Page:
PIA01491: Neptune and Triton

Neptune and Triton


This image was returned by the Voyager 2 spacecraft on July 3, 1989, when it was 76 million kilometers (47 million miles) from Neptune. The planet and its largest satellite, Triton, are captured in the field of view of Voyager's narrow-angle camera through violet, clear and orange filters. Triton appears in the lower right corner at about 5 o'clock relative to Neptune. Recent measurements from Voyager images show Triton to be between 1,400 and 1,800 kilometers (about 870 to 1,100 miles) in radius with a surface that is about as bright as freshly fallen snow. Because Triton is barely resolved in current narrow-angle images, it is too early to see features on its surface. Scientists believe Triton has at least a small atmosphere of methane and possibly other gases.

During its closest approach to Triton on August 25, 1989, Voyager should provide high-resolution views of the moon's icy surface and reveal whether Triton's atmosphere has clouds.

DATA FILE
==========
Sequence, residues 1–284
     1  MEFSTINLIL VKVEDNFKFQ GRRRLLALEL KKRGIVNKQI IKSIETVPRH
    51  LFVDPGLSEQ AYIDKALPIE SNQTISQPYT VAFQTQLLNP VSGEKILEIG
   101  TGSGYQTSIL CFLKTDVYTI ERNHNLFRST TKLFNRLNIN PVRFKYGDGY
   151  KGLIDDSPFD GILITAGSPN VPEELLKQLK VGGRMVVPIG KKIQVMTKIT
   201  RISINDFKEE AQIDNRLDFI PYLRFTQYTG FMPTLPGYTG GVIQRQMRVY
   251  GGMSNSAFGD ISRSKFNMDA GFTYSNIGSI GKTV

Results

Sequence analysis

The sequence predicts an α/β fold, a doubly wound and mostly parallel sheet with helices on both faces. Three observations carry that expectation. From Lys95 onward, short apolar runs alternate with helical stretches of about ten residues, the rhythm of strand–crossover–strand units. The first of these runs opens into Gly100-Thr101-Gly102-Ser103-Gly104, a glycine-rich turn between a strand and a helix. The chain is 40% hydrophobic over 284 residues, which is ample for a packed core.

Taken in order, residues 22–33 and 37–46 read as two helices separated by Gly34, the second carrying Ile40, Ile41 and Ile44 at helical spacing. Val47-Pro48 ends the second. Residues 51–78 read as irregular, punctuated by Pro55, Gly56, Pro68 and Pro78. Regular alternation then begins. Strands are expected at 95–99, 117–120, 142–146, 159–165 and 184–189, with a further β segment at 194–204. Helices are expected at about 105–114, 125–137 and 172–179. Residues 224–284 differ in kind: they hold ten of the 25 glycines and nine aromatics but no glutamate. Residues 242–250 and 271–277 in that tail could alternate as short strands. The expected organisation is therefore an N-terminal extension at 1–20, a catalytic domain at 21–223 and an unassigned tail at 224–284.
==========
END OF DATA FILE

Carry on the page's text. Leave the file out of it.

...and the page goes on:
Background Info:

JPL manages the Voyager Project for NASA's Office of Space Science and Applications.

Cataloging Keywords:

Name Value Additional Values
Target Neptune Triton
System Neptune
Target Type Planet Satellite
Mission Voyager
Instrument Host Voyager 2
Host Type Flyby Spacecraft
Instrument Imaging Science Subsystem (ISS)
Detector Narrow Angle Camera
Extra Keywords Atmosphere, Color, Methane, Visual
Acquisition Date
Release Date 1998-10-30
Date in Caption 1989-07-03 1989-08-25
Image Credit NASA/JPL
Source photojournal.jpl.nasa.gov/catalog/PIA01491
Identifier PIA01491